Hydronic Radiant Floor Heating Design and Installation
There are many different installation methods for hydronic radiant floor heating. The job is easiest when it is done with new construction. The system of interlocking tubes can be laid in the flooring and tied into the boiler system before the concrete slab is even poured. For retrofit jobs, the process becomes a bit more complicated because you have a preexisting home and floor to deal with. It can be done, though, and some methods are certainly easier and more cost effective than others. In this article you will learn about one particular method for installing hydronic radiant floor heating. It requires no pouring of concrete and no weaving of tubes through the sub-floor. Before that, however, it helps to know what hydronic radiant floor heating is.
Hydronic Radiant Floor Heating
Hydronic indicates that the heat is channeled through hot water. Radiant means that rather than force hot air into a room, heat radiates into a space. In some systems it radiates from individual radiators in each room. In others, the heat comes through the floor as the hot water is pushed through. Thus, hydronic radiant floor heating is a system of central heating that circulates heated water through tubes running through the floor, transferring that heat into a room.
One of the biggest considerations to make when you want to install such a system in your home is how to go about doing it. In homes without basements, the concrete slab is already poured. It would be extremely cost ineffective to remove all of the furniture and flooring, break up the slab and install tubes only to refill the whole area with concrete. Homes with basements sometimes can run the radiant tubes through the floor joists or sandwich them between pieces of MDF or plywood. This requires a lot of modification as well. A more recent method for retrofitting hydronic radiant floor heating is much less labor intensive. Homeowners can pre-order the control manifold for the boiler and the radiant heat controls which are built according to specifications. Once those pieces and the boiler or water heater are in place, it is a matter of laying the tubing in the floors of the home.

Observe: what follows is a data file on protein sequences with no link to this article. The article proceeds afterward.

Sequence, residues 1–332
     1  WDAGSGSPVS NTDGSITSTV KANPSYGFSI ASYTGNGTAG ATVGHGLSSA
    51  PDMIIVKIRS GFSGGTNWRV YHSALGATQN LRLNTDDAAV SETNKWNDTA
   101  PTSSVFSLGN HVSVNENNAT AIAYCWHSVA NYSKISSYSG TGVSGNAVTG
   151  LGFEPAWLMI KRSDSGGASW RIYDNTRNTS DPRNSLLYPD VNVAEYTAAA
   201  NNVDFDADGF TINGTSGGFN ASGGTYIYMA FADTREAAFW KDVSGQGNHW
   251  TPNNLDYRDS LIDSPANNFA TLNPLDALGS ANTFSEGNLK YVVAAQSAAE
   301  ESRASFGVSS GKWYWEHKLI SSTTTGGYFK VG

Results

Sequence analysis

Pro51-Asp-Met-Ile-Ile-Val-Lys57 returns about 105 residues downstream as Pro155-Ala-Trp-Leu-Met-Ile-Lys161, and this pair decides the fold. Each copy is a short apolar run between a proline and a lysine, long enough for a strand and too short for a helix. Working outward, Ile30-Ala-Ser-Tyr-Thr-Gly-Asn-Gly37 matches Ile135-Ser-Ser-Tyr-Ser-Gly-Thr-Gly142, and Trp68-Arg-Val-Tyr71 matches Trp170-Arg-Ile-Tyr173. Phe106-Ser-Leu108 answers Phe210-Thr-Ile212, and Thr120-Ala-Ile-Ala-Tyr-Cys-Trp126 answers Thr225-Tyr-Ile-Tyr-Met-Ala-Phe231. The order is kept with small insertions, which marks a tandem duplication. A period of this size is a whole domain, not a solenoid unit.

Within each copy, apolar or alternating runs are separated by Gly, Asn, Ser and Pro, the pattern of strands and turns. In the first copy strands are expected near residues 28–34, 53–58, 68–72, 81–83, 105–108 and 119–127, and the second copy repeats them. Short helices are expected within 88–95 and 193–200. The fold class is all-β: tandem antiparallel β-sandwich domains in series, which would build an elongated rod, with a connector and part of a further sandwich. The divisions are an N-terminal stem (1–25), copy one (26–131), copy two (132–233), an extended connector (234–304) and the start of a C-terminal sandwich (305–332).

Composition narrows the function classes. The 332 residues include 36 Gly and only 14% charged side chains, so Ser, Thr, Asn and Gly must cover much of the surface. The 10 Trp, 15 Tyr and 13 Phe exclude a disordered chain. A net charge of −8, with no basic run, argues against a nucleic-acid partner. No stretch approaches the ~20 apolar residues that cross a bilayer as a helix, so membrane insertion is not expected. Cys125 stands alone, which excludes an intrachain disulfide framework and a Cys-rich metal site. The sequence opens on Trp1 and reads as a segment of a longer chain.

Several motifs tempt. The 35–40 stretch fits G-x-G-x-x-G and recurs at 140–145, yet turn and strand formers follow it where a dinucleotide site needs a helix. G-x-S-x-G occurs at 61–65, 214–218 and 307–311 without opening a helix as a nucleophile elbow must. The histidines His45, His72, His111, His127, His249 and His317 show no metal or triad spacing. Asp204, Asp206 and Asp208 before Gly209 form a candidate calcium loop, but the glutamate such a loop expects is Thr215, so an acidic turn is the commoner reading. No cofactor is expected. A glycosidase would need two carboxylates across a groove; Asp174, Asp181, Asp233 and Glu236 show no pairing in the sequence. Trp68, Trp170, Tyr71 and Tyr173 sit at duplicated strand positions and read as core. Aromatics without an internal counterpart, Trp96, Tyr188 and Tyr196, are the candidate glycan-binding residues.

To install this type of hydronic radiant floor system, all of the home’s carpeting, linoleum or other materials and sub-flooring need to come up. You will be installing the tubing on top of the layer of material directly above the floor joists or slab. The way it works is as follows: 5/8 inch sections of MDF are covered on one side with a thin aluminum coating. They fit modularly in a room. The pieces all have grooves cut out in them. They fit together in a grid and once in place, there is one continuous groove zig-zagging back and forth through the room. The groove starts wherever the water comes in, snakes around the room and exits just 1 or 2 feet from the supply in.
Into the grooves fit 3/8 inch red PEX tubing. It is flexible, has the ideal inner dimension for hydronic floor heat and transfers the heat efficiently. The aluminum coating on the MDF further increases the efficiency of the system. The heat is reflected upwards through the flooring. Once in place, the flooring goes on top of the tubing and MDF. Different types of flooring have different heat efficiency ratings. Granite and ceramic tile are among the best in storing and transferring heat.
Each room to be heated is equipped with such a design and the entire system is connected to the control manifold. It is installed on 3 circuits to reduce heat loss. As water is heated in the boiler, the pumps circulate it around the home where it transmits the heat before returning to the boiler. With the system calibrated to the particular home, it is a very efficient means of central, letting homeowners realize a 30 to 40% savings over the long run.